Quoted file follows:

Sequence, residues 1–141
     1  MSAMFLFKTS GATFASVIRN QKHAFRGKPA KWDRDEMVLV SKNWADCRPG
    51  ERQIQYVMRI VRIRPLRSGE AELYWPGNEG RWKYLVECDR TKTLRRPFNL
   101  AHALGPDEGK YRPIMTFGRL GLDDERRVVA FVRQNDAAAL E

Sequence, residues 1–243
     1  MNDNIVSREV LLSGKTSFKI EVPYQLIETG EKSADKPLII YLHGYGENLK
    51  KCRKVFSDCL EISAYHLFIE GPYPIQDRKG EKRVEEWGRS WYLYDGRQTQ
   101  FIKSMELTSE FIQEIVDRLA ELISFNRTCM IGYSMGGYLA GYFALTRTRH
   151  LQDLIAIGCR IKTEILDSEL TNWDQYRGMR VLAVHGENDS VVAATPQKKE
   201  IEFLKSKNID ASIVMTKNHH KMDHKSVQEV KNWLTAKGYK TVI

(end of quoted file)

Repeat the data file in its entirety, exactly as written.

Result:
Sequence, residues 1–141
     1  MSAMFLFKTS GATFASVIRN QKHAFRGKPA KWDRDEMVLV SKNWADCRPG
    51  ERQIQYVMRI VRIRPLRSGE AELYWPGNEG RWKYLVECDR TKTLRRPFNL
   101  AHALGPDEGK YRPIMTFGRL GLDDERRVVA FVRQNDAAAL E

Sequence, residues 1–243
     1  MNDNIVSREV LLSGKTSFKI EVPYQLIETG EKSADKPLII YLHGYGENLK
    51  KCRKVFSDCL EISAYHLFIE GPYPIQDRKG EKRVEEWGRS WYLYDGRQTQ
   101  FIKSMELTSE FIQEIVDRLA ELISFNRTCM IGYSMGGYLA GYFALTRTRH
   151  LQDLIAIGCR IKTEILDSEL TNWDQYRGMR VLAVHGENDS VVAATPQKKE
   201  IEFLKSKNID ASIVMTKNHH KMDHKSVQEV KNWLTAKGYK TVI